The BJP harked back to the days of former Prime Minister Atal Bihari Vajpayee in a bid to deepen ties with regional ally Bodoland People’s Front (BPF), which mostly comprises of former rebels.
Vajpayee had first brought the BPF onboard the BJP-led NDA in 2003, the year when the Bodoland Territorial Council (BTC) was formed. But financial considerations made the BPF drift towards the Congress after the NDA lost the Lok Sabha polls in 2004.
Letting bygones be bygones, the BJP and the BPF once again are coming together in a bid to win the assembly elections scheduled in April-May.
On Tuesday, Prime Minister Narendra Modi pinned his hopes on the alliance while addressing a BPF rally at Bodofa Nwgwr near Kokrajhar town in western Assam.
Kokrajhar, 236 km west of Guwahati, is the headquarters of the BTC and is the BPF’s domain. Bodofa Nwgwr is named after popular Bodo leader Upendra Nath Brahma who was given the moniker Bodofa, which means ‘Father of Bodos’.
But while Modi shared his vision of a better future, local leaders and commoners recalled the time when Vajpayee’s intervention saw the BTC upgraded to a Sixth Schedule area.
“People cannot forget Vajpayeeji, who gave the people of Bodoland the respect they deserved,” said former minister and BJP’s campaign head Himanta Biswa Sarma.
The throwback to the Vajpayee days engaged the crowd at Bodofa Nwgwr as Modi’s arrival from Gangtok was delayed by almost an hour.
Modi, who donned a Gorkha cap in Gangtok, was seen sporting a traditional white-and-red Assamese gamosa around his neck as he alighted from an IAF chopper at Bodofa Nwgwr.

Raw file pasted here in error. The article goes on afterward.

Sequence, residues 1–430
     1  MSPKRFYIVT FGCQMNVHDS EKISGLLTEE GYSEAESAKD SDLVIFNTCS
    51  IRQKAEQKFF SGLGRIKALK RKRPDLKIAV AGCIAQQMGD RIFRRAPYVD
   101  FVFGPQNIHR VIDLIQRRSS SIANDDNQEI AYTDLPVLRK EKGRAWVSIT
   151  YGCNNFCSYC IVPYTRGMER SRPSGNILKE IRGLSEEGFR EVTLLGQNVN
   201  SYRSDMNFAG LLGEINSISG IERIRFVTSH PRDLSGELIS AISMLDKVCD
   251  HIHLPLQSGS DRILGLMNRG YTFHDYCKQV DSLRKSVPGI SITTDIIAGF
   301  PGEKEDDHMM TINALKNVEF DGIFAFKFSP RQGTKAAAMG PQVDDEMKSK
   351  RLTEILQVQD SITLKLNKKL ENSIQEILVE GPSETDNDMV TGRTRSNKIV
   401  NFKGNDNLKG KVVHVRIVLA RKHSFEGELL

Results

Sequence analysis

BTC chief Hagrama Mohilary, who has been heading the council for 12 years now, greeted him with a yellow ‘arnai’ — a traditional Bodo scarf — at the helipad. On stage, the yellow ‘arnai’ was replaced with a lilac one.
Mohilary briefly recalled the support the BTC had received from the BJP during its fledgling days, while underscoring the lack of development during the UPA reign.
“We hope Modiji will help us solve many problems — these include the issue of militancy (United Liberation Front of Asom and National Democratic Front of Bodoland), granting of ST status for Adivasi and Koch-Rajbongshi communities, and adequate relief for the victims of riots between 2008 and 2014,” he said.
The BTC chief also assured Modi that the BJP-BPF alliance would deliver results in Assam. “We will teach the Congress a lesson this time. We will win 100%,” he said.
The BPF has 12 seats that it is expected to retain. The BTC and adjoining areas have another half a dozen seats which could see the BJP through.
Under the circumstances, the BPF’s support is of paramount importance for the BJP, which has conceded that its hopes of winning 84 of the 126 assembly seats in Assam were unrealistic. A party or coalition needs at least 64 seats to form a government.
In 2006, the Congress had won 53 seats, and an alliance with the BPF that year had helped it reach the magic number.